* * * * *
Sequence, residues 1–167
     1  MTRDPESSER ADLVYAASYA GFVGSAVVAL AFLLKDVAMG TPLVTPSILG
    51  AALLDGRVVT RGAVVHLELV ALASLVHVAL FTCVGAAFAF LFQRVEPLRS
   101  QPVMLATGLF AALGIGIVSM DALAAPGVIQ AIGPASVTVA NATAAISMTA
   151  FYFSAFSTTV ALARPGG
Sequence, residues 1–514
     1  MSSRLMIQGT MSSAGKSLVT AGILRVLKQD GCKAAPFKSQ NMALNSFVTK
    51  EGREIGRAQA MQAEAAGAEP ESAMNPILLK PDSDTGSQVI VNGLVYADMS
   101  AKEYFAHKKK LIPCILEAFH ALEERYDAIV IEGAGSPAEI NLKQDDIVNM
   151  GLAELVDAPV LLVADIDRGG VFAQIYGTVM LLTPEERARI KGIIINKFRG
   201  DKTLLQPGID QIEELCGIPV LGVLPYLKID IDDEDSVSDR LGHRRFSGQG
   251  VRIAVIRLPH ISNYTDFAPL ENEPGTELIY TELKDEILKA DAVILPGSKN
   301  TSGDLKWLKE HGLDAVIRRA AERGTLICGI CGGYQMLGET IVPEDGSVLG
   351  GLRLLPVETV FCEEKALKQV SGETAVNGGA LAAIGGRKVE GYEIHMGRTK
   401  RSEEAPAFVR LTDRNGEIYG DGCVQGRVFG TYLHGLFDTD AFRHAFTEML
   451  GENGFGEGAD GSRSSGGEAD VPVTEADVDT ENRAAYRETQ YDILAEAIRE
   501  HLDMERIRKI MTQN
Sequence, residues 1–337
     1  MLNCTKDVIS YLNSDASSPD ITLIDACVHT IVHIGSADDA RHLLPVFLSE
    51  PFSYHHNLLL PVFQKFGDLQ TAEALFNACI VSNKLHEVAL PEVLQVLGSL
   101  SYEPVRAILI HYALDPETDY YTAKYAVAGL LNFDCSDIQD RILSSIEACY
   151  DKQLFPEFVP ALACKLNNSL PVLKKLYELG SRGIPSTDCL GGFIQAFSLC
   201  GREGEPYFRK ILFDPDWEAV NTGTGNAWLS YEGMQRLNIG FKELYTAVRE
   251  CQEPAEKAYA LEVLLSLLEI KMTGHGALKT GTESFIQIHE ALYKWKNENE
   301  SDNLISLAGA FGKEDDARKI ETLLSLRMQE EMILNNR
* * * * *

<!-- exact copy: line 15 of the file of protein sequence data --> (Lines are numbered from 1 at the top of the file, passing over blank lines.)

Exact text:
   401  RSEEAPAFVR LTDRNGEIYG DGCVQGRVFG TYLHGLFDTD AFRHAFTEML